Peter Senge popularized the term Learning Organization in his book, The Fifth Discipline. What is a learning organization? It is an organization where top leadership, including every manager at all levels, regularly encourages and supports every employee to be committed to lifelong learning. The central goal is continual personal and professional growth leading to improved skill development and overall organizational achievement and success.
One key aspect of a successful learning organization is creating and maintaining a culture of learning. A learning culture is one in which employees continuously seek, share, and apply new knowledge and skills to improve individual and organizational performance.
One of the most important reasons for creating a learning organization and a culture for lifelong learning is the rapid change of pace that we face in society and the workplace. For example, technology is constantly evolving, corporate hierarchies are frequently reshaped, and job responsibilities are always shifting. For survival, organizations must continuously look for ways to learn and improve.
If you are responsible for leading people in the workplace, it is important to model your own commitment to lifelong learning and continuous development. That means you demonstrate a dedication to setting goals for learning and achieving them.
This approach sets a good example by showing employees how important lifelong learning and continuous personal and professional development is to you personally and to the organization’s overall success.
When a leader has high targets for employee learning and provides a solid template or framework for staff to follow, they help their employees identify gaps in knowledge and skills with expected performance, set challenging learning goals, and motivate them to achieve success through a personal action plan.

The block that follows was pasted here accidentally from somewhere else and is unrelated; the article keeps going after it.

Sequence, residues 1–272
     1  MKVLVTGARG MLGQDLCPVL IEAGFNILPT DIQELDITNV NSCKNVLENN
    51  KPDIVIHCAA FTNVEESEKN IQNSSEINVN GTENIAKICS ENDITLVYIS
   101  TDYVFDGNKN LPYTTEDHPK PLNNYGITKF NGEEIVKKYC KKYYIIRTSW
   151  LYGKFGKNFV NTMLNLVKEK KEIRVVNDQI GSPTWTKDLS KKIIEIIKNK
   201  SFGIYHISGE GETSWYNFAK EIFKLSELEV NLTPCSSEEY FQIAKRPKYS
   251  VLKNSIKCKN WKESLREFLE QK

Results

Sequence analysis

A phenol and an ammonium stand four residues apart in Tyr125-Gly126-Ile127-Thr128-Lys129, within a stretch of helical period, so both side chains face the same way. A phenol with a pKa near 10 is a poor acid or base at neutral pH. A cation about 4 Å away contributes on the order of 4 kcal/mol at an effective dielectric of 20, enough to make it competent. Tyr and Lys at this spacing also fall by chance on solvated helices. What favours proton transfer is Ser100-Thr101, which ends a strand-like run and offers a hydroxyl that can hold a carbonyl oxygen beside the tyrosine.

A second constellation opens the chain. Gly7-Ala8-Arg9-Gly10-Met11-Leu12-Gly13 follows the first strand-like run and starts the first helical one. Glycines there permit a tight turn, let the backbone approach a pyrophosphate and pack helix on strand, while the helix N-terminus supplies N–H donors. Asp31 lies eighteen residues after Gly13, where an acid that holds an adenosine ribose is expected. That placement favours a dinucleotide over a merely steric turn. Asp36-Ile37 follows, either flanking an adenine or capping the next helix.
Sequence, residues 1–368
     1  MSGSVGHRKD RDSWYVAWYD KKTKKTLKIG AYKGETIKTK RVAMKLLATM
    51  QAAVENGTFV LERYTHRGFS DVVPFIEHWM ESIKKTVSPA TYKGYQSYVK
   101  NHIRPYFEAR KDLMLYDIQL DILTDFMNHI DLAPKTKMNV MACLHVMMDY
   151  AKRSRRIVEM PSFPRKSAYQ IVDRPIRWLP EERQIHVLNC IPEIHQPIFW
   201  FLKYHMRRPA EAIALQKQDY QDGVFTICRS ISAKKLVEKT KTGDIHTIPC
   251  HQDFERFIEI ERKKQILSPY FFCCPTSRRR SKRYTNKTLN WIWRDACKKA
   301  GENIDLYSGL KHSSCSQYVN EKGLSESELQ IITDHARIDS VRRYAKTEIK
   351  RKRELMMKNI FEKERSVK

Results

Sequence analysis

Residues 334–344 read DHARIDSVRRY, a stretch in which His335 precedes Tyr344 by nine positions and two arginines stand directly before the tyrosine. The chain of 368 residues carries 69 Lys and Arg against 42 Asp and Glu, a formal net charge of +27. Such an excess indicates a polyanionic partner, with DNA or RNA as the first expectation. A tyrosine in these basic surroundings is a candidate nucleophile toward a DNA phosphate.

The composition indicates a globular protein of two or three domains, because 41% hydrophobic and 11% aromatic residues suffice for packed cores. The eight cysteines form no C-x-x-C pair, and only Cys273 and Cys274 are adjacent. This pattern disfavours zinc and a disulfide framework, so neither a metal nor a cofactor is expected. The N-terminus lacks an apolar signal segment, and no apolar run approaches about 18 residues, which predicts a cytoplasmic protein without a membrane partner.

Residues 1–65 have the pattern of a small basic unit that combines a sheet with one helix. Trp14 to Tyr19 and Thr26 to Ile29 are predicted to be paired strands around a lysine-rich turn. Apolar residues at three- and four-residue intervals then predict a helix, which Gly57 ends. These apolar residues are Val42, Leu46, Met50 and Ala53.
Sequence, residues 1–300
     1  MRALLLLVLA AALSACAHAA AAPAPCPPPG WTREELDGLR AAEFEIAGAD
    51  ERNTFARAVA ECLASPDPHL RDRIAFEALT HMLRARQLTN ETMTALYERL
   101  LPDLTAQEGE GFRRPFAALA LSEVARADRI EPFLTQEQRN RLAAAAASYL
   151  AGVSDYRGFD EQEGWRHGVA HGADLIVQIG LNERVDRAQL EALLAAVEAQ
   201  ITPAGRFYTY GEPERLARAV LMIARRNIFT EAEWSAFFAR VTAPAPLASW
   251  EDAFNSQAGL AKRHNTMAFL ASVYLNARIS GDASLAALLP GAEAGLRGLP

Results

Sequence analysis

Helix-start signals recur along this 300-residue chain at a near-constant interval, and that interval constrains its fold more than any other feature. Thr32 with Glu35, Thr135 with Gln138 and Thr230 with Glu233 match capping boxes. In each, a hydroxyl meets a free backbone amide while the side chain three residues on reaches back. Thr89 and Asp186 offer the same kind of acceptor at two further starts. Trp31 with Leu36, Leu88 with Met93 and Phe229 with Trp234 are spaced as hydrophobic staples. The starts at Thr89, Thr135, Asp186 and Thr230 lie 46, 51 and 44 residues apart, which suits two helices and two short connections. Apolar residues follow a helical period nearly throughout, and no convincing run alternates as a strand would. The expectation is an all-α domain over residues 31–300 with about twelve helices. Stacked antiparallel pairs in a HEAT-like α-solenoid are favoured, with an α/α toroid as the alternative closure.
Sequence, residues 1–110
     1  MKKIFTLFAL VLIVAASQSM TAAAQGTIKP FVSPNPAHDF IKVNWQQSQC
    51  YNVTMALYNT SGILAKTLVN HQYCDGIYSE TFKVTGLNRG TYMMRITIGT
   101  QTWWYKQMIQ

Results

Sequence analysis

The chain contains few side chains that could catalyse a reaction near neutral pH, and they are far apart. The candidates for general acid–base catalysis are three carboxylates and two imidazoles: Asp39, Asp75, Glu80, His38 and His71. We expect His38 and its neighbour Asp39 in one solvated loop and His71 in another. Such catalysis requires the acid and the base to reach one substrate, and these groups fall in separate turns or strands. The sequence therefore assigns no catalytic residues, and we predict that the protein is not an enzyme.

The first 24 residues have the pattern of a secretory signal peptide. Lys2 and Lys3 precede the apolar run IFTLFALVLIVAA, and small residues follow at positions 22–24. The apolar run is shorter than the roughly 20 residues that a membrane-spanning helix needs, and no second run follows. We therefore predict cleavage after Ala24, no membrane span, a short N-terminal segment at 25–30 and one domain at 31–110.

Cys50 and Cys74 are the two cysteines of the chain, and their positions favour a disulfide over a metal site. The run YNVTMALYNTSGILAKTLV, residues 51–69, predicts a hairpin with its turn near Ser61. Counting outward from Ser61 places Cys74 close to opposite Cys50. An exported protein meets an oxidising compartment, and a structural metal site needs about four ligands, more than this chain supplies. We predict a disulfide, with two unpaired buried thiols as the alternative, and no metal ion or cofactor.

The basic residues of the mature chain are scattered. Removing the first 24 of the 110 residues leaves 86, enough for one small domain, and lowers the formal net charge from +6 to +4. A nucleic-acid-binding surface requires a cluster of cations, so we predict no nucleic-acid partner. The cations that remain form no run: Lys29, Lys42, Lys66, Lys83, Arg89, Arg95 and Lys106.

Transferring learning into workplace productivity, therefore, should be a top priority for everyone involved from the CEO all the way down to the individual employee. This process includes two key steps, one before the learning event and one after the learning event.
1. Employees and managers should meet and jointly:
This coaching relationship should take place before the learning event but also be maintained throughout the learning process up until personal proficiency and learning transfer have taken place.
2. The employee should intentionally look for opportunities to transfer knowledge, skills, and tools learned back to the job and workplace in relevant and meaningful ways.
It takes time to apply new knowledge and skills in the workplace. Furthermore, learning is more than a one-time event. Leaders and managers should be committed to helping their employees successfully transfer new learning to their job.
Outlined below are several ideas to guide employees in this process. Creating a Post Course Learning Activities Checklist like these recommendations can provide learners with suggestions on things to do within days, weeks, and months of returning to the workplace from a learning event and assimilating new skills and knowledge in their job.
When leaders establish and maintain an effective learning culture and environment, everyone wins. The learner gains valuable new knowledge and skills, and the organization gains a motivated employee capable of achieving organizational goals and objectives with confidence.
Remember it is important for the leader to assist the employee to focus on learning transfer so everyone can:
An employee’s success at learning and transfer depends a great deal on their willingness and attitude, however, a leader also plays a significant role. Achieving personal learning goals directly tied to organizational objectives is a win-win for everyone!